Consider the payoff $g(S_T)$ shown the figure:

enter image description here

I believe the payoff represented as a linear combination of the payoffs of some options with different strike and same maturity $T$ is $$g(S_T) = (2K - S_T)_{+} - (K - S_T)_{+}$$

I am not exactly sure this is correct, any suggestions is greatly appreciated.

  • $\begingroup$ Just plug $S_T=0$ in your equation to see that it does not give $g(S_T=0)=K$ as it should... How can you not be sure that this is incorrect Morgan? The payoff is equivalent to: long put struck at $2K$ and short put struck at $K$ (put spread). $\endgroup$ – Quantuple Apr 24 '16 at 14:26
  • $\begingroup$ I know what the strategy is but I guess a classmate of mine mistakenly told me that $g(S_T = 0) = 0$ and the $-K$ is that amount of cash we put up for the position. $\endgroup$ – Wolfy Apr 24 '16 at 14:46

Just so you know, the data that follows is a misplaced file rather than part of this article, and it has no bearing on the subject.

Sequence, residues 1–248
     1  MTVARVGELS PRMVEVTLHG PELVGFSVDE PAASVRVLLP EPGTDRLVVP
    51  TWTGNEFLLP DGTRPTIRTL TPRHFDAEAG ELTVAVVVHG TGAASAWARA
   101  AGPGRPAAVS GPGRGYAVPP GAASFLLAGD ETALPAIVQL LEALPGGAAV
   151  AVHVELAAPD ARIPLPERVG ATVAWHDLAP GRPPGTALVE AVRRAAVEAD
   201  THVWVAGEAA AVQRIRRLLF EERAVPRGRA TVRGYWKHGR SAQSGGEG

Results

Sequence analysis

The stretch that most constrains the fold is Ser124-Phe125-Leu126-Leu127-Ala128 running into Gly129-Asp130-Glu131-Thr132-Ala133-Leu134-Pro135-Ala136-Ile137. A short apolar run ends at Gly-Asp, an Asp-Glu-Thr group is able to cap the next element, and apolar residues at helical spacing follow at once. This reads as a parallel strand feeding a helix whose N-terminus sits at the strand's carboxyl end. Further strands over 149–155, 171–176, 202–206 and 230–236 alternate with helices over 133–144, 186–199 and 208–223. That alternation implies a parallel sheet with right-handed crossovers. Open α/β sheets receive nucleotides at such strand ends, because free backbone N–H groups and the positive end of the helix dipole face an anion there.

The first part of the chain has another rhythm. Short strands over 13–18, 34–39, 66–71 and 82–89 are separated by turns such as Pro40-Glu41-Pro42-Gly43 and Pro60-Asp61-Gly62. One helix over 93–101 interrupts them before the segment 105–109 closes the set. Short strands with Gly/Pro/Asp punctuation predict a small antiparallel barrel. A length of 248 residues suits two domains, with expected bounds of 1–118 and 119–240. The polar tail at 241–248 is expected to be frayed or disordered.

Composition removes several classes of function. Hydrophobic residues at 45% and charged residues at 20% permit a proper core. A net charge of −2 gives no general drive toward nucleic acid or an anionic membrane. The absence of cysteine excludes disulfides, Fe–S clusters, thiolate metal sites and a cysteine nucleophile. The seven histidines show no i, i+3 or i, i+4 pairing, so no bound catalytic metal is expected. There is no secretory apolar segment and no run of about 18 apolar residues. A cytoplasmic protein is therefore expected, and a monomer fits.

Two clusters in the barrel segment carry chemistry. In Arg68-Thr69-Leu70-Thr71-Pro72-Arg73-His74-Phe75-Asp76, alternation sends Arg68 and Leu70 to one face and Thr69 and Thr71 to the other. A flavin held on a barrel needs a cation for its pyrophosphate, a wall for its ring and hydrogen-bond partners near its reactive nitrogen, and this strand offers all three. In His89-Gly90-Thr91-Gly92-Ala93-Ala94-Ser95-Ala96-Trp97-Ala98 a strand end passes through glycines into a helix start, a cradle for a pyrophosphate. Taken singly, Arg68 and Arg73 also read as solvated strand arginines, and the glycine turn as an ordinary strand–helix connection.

• $\begingroup$ If you know then why ask? $\endgroup$ – Quantuple Apr 24 '16 at 20:14
  • $\begingroup$ Well, I just wanted to check if it was right. My professor tends to make many mistakes in his lecture notes $\endgroup$ – Wolfy Apr 25 '16 at 0:45

For this type of question, you basically need only to write the payoff with certain indicator functions. In particular, for the above payoff, we have that \begin{align*} \textrm{Payoff} &= K\, 1_{S_T \le K} + (2K-S_T)\,1_{K < S_T \le 2K}\\ &=K\, 1_{S_T \le K} + (2K-S_T)\big(1_{S_T \le 2K} - 1_{S_T \le K} \big)\\ &=(2K-S_T)\,1_{S_T \le 2K} - (K-S_T)1_{S_T \le K}\\ &=(2K-S_T)^+ - (K-S_T)^+. \end{align*}


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